APM Set-Up

This posting covers initial set-up of the APM 2.5+ or 2.6 in a multirotor. I’m using a DJI F550 and Spektrum RC but you could put the APM on a pizza box and it would fly.  The main resource for APM copter is here http://copter.ardupilot.com/ but there’s quite a lot of additional info which may help in setting up the Ardupilot Mega flight controller especially in a non-ArduCopter platform.  First build the ‘copter and install the APM, RC receiver etc.

General Wiring

Use a power module like the 3DR module to power up the APM. Use a power lead from the APM to the Rx to power the RC Rx.

Connect the RC Rx channel signals to the APM input channels.  The channel assignments are:

  • Rx Aileron  – APM Ch1
  • Rx Pitch    – APM Ch2
  • Rx Throttle – APM Ch3
  • Rx Rudder   – APM Ch4

Connecting the RC channels from the Rx to the APM can be done two ways: By wiring the named RC Rx channels to the named APM channels, or by wiring the numbered channels (1 to 1 etc) and then configuring the RC channels configuration in the Tx software. I think it’s much easier to set the wiring from the start using the named channels.

This link is very useful: http://copter.ardupilot.com/wiki/connecting-your-rc-input-and-motors

Additional RC channels can be connected up as needed (optional):

  • Flight Mode.  The APM Ch5 input allows you to switch between different flight modes, so connect the APM Ch5 to an RC channel that you want to use for flight modes.  On my Spektrum DX8 there is a 3-position switch for ‘f-mode’ that uses the RC Aux1 channel so I connect the Rx Aux1 (Ch6) to the APM Ch5.
  • Super Simple.  I also set my DX8 Ch7 to the APM Ch7 and subsequently configured this in Mission Planner standard params to engage ‘Super Simple’ mode.
  • Gimbal Pitch.  The rotary control of the DX8 is handy to control the camera gimbal pitch.  This rotary control is ‘Aux3’ or Ch8 on the Spektrum DX8, so I routed that from the Rx to the AlexMos Simple BGC input ‘RC Pitch’ rather than to the APM.

When you come to calibrate the RC channel PWM signals later, you can check the correct channel assignments and correct any polarity issues.  That’s about it for the Rx wiring to the APM.  Now for the APM outputs to the ESC/Motor channels.  The airframe documentation may state a particular motor configuration, but this might be for a different flight controller (like the DJI Naza). To state the obvious, use the motor configuration from the APM documentation not the documentation of the airframe (see the ‘connecting your RC wiki’ linked above).

Setting Up APM Firmware

With the main wiring done, it’s time to set up the APM firmware and settings.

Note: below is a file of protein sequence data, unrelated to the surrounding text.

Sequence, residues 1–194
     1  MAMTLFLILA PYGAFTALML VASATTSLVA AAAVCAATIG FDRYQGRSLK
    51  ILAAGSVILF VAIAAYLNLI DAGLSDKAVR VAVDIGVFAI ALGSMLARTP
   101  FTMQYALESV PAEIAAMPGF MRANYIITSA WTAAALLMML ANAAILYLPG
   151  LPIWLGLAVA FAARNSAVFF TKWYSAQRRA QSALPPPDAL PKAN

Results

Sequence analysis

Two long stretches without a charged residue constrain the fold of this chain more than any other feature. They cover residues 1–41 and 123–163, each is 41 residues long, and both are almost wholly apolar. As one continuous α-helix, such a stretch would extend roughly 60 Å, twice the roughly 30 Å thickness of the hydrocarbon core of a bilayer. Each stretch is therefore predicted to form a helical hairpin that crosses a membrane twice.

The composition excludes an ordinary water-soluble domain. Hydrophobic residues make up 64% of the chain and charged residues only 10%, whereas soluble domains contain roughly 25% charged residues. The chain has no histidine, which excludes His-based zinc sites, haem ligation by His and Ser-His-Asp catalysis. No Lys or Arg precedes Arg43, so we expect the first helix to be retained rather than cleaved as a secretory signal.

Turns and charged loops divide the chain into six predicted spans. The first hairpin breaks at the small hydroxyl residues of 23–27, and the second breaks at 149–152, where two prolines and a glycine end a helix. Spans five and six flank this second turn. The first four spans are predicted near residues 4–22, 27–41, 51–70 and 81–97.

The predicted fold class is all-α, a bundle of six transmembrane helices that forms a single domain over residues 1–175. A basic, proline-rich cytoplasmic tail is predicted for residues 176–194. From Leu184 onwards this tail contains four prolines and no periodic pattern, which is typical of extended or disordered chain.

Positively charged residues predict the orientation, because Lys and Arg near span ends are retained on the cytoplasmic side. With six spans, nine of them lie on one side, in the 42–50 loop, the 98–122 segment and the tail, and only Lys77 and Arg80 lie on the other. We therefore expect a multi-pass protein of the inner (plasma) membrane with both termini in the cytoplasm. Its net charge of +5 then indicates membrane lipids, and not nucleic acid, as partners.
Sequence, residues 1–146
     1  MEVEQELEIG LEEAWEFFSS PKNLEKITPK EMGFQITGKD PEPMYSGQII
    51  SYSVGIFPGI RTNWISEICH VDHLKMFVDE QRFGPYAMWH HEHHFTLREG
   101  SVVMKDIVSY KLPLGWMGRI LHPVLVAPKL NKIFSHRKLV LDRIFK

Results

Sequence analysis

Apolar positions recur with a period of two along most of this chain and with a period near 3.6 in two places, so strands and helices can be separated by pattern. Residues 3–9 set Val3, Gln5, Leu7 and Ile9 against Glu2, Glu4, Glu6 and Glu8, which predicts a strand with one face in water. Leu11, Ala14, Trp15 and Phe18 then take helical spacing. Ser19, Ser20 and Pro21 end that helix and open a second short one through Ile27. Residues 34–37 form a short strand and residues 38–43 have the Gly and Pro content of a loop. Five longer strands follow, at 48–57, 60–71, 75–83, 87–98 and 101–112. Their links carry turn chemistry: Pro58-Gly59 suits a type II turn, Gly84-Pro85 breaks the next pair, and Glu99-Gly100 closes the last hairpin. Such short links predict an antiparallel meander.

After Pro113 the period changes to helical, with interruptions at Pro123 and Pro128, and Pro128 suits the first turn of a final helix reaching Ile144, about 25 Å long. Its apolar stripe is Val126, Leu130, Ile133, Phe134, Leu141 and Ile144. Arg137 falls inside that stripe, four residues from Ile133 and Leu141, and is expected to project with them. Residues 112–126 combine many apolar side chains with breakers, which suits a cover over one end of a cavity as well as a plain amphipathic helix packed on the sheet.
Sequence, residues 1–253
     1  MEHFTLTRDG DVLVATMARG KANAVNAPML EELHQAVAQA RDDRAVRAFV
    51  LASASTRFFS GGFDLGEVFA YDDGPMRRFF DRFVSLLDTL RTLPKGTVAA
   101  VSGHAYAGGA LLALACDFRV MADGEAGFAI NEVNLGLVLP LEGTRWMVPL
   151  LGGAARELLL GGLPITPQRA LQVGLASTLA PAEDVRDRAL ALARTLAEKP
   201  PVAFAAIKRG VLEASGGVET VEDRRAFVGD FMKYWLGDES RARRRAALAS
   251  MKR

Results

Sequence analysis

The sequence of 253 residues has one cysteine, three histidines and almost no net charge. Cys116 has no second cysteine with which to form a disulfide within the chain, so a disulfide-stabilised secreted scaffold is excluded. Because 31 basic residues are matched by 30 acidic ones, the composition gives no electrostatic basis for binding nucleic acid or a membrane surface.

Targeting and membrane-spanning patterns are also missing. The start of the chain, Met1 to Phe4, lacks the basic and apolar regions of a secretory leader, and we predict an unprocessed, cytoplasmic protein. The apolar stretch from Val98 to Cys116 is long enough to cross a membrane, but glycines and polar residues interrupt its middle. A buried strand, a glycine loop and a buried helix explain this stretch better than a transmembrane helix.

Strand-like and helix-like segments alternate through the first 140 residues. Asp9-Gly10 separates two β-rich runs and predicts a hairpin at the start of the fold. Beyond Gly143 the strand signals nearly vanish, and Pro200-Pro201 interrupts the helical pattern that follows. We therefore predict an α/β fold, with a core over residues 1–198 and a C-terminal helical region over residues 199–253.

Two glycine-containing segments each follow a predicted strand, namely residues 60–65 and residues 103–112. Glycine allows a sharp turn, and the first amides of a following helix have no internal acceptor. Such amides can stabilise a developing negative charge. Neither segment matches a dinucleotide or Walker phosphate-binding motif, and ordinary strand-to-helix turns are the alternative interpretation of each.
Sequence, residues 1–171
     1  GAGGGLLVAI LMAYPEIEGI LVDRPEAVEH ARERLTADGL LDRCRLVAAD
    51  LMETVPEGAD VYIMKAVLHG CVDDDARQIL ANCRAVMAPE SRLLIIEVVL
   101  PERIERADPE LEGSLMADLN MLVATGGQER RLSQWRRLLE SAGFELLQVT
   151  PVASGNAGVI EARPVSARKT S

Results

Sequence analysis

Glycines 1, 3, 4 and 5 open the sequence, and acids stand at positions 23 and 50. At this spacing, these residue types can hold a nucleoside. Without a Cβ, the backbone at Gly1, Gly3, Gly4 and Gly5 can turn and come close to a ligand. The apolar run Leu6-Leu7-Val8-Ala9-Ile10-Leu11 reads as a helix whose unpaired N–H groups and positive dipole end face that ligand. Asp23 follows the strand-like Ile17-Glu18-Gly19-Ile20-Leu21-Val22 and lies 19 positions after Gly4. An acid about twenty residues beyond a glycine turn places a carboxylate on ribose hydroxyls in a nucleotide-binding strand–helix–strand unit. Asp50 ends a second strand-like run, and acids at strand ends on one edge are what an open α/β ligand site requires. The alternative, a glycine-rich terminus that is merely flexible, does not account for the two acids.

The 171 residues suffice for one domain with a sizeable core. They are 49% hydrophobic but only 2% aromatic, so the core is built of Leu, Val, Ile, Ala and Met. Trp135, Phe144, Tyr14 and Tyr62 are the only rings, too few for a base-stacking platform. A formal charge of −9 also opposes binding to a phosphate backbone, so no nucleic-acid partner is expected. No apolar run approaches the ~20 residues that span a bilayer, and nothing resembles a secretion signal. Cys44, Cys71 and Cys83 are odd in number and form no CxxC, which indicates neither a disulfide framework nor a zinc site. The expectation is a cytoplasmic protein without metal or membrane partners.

To install firmware to the APM, plug in the USB connector between the APM to a PC and use the Mission Planner software http://ardupilot.com/downloads.

Updating the firmware can’t be done when the Mission Planner ‘connect’ setting is active to allow communication between the APM and the PC, so don’t ‘connect’ when installing firmware.

Set the frame type under ‘initial setup’, ‘mandatory hardware’, e.g. to ‘X’ if flying an X config.

Setting APM Configuration

With the firmware loaded, click ‘connect’.

Set compass type in ‘initial setup’, ‘mandatory hardware’, ‘compass’.  On APM 2.5+ the compass magnetometer is in the flight controller but on the APM 2.6 with the 3DR uBlox LEA-6H compass in the GPS module the magnetometer is upside down under the GPS so the setting is ‘ROTATION_ROLL_180’.

Do the compass calibration.  See Randy MacKay’s video at: http://www.youtube.com/watch?v=DmsueBS0J3E

Calibrate the accelerometers.  Use the mission planner and follow the instructions to place the ‘copter steady in a variety of orientations.  It’s quite important the ‘copter is steady and not wobbling around for this.

Calibrate radio (channels’ pwm) under  Mission Planner ‘Initial Setup’ ‘Radio Calibration’ (joysticks and switches).  If you are using switches to control flight modes note down the PWM ranges for the switch positions and if necessary configure the RC Tx so the switches you want to use control the channels you want to control.

Check the motors spin up OK and in the right direction (props not mounted). If a motor is spinning the wrong way, swap any two wires on motor to reverse the direction.  The following link shows which way the motors need to spin: http://copter.ardupilot.com/wiki/connecting-your-rc-input-and-motors

At the moment the APM ‘Loiter’ PID is quite aggressive by default, and it’s recommended to set the loiter PID P from 1 to 0.5 (under ‘configuration’ ‘APM:Copter PIDS’) and click ‘Write Params’. http://diydrones.com/forum/topics/arducopter-3-0-1-released

Set the flight modes under in ‘initial setup’ ‘mandatory hardware’ ‘flight modes’ and click ‘save’ suggest stabilise, and alt hold, and loiter.

Preliminary Tests

Now install the props to motors, and carry out some tests before flying the ‘copter.